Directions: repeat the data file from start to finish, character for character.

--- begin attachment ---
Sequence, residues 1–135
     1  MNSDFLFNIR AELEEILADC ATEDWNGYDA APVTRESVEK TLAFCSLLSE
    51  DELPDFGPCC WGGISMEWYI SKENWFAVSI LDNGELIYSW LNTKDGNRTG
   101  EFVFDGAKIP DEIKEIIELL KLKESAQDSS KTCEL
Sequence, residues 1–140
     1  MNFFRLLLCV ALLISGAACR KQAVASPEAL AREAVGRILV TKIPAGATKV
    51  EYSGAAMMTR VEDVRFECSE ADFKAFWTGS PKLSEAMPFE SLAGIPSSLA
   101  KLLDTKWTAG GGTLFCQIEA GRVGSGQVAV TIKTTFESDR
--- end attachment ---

Sequence, residues 1–135
     1  MNSDFLFNIR AELEEILADC ATEDWNGYDA APVTRESVEK TLAFCSLLSE
    51  DELPDFGPCC WGGISMEWYI SKENWFAVSI LDNGELIYSW LNTKDGNRTG
   101  EFVFDGAKIP DEIKEIIELL KLKESAQDSS KTCEL
Sequence, residues 1–140
     1  MNFFRLLLCV ALLISGAACR KQAVASPEAL AREAVGRILV TKIPAGATKV
    51  EYSGAAMMTR VEDVRFECSE ADFKAFWTGS PKLSEAMPFE SLAGIPSSLA
   101  KLLDTKWTAG GGTLFCQIEA GRVGSGQVAV TIKTTFESDR